Festas Juninas – Brazilian cultural celebrations held throughout the month of June – are considered to be the biggest national event after Carvaval and date back to the seventeenth century
Despite having origins linked to pagan worship, the festas juninas have been strongly influenced by the Catholic Church over time, and today are celebrated in the honour of St. Anthony, St. John and St. Peter. The largest festivals take place in the Northeast of the country and culminate in an intriguing mix of local food, dance and decoration, representative of local rural traditions and Brazil’s African, European and indigenous heritage.
One of the most striking aspects of the festas juninas is the food and drink, most of which centres around one principal ingredient: corn. It is used to make curau (custard-like dessert), corn cake, canjica (creamed corn), pamonha (sweetcorn paste), and many other treats. But there are other flavours and delicacies on offer too, such as pé de moleque (peanut brittle), hot dogs, quentão (hot alcoholic drink made with ginger, cinnamon and cachaça) and candy apples, all of which are feasted on whilst watching the children dance the night away and enjoy a range of fun games and fairground activities,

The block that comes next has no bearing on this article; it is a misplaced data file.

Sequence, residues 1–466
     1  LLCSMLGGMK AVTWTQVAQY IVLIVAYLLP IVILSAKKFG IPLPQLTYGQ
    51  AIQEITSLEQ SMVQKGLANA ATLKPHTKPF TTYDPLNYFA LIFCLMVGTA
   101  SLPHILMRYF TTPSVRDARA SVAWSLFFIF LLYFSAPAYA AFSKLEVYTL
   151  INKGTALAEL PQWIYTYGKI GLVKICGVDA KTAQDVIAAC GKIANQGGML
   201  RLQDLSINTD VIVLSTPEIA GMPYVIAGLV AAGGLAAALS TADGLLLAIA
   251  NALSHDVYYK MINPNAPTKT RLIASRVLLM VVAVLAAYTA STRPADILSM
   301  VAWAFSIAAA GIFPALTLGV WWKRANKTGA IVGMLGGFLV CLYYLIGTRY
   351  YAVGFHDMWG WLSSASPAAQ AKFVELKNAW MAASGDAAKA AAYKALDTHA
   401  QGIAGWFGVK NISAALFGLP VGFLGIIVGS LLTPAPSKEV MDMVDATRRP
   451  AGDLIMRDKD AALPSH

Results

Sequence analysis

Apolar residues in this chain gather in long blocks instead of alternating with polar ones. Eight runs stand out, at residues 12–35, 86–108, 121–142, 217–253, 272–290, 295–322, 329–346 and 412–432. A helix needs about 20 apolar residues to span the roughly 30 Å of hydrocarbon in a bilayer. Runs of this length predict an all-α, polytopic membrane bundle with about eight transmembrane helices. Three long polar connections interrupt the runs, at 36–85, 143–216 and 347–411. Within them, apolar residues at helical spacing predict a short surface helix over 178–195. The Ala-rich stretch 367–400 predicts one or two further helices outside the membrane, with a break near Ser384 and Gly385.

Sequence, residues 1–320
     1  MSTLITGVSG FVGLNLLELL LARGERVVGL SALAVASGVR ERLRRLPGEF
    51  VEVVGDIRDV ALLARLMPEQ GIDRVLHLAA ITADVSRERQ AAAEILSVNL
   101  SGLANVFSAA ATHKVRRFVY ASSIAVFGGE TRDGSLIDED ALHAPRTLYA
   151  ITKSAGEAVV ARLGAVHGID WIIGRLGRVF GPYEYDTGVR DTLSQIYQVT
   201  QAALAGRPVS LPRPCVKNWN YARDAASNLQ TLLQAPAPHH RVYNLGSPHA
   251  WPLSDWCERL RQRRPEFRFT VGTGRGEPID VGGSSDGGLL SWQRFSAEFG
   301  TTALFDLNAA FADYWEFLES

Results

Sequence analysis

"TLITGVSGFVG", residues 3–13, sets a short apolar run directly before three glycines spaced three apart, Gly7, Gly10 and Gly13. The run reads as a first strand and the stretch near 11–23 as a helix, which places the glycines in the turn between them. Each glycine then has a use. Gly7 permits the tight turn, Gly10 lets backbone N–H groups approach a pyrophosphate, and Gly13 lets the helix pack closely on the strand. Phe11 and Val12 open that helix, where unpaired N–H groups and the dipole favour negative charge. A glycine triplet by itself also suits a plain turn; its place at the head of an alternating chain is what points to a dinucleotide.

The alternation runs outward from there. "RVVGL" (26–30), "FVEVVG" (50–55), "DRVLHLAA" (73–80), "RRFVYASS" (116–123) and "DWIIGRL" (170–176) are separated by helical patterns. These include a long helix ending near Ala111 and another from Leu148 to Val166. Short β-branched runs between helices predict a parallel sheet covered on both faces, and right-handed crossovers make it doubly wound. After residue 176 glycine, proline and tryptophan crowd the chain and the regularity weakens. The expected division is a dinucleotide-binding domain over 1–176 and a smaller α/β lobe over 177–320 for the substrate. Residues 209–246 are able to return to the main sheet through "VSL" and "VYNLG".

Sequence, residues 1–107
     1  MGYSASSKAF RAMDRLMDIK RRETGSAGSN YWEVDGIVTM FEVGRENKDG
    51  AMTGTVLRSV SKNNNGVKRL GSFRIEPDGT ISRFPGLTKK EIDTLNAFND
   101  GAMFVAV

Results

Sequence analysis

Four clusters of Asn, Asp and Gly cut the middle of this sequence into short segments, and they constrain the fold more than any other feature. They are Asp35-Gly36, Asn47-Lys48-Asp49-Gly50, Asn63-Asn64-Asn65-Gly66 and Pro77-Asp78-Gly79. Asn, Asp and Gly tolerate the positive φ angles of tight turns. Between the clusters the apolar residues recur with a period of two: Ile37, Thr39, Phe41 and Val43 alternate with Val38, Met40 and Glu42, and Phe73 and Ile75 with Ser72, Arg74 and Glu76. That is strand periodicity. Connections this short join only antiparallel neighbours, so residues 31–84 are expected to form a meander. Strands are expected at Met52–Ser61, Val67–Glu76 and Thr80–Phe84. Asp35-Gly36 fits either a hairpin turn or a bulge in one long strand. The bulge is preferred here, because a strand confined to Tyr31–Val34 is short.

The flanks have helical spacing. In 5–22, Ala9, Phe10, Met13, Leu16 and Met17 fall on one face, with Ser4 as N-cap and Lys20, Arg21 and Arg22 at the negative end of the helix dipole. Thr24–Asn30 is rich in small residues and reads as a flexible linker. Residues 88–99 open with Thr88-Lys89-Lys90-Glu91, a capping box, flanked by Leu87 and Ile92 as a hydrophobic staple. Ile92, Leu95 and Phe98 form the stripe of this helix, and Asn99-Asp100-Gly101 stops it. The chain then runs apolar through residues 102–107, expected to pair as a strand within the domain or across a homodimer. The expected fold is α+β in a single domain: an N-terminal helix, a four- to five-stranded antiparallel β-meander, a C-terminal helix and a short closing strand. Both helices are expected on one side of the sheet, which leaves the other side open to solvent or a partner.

Many of the musical instruments used to liven up the parties – such as the cavaquinho (small guitar), the accordion, the triangle and reco-reco (metal scraper) – form the basis of popular Portuguese folk music and were introduced to Brazil by the early settlers and immigrants.
Another tradition is known as simpatias and promessas, whereby festival-goers make pledges to the aforementioned saints as a way of appealing for good fortune – usually in a romantic or professional capacity – as well as protection from envy.
The parties are vibrant and kaleidoscopic. The bunting, fireworks, bonfires, balloons and colourful “country” costumes ensure that a traditional Brazilian Festa Junina is an unforgettable experience!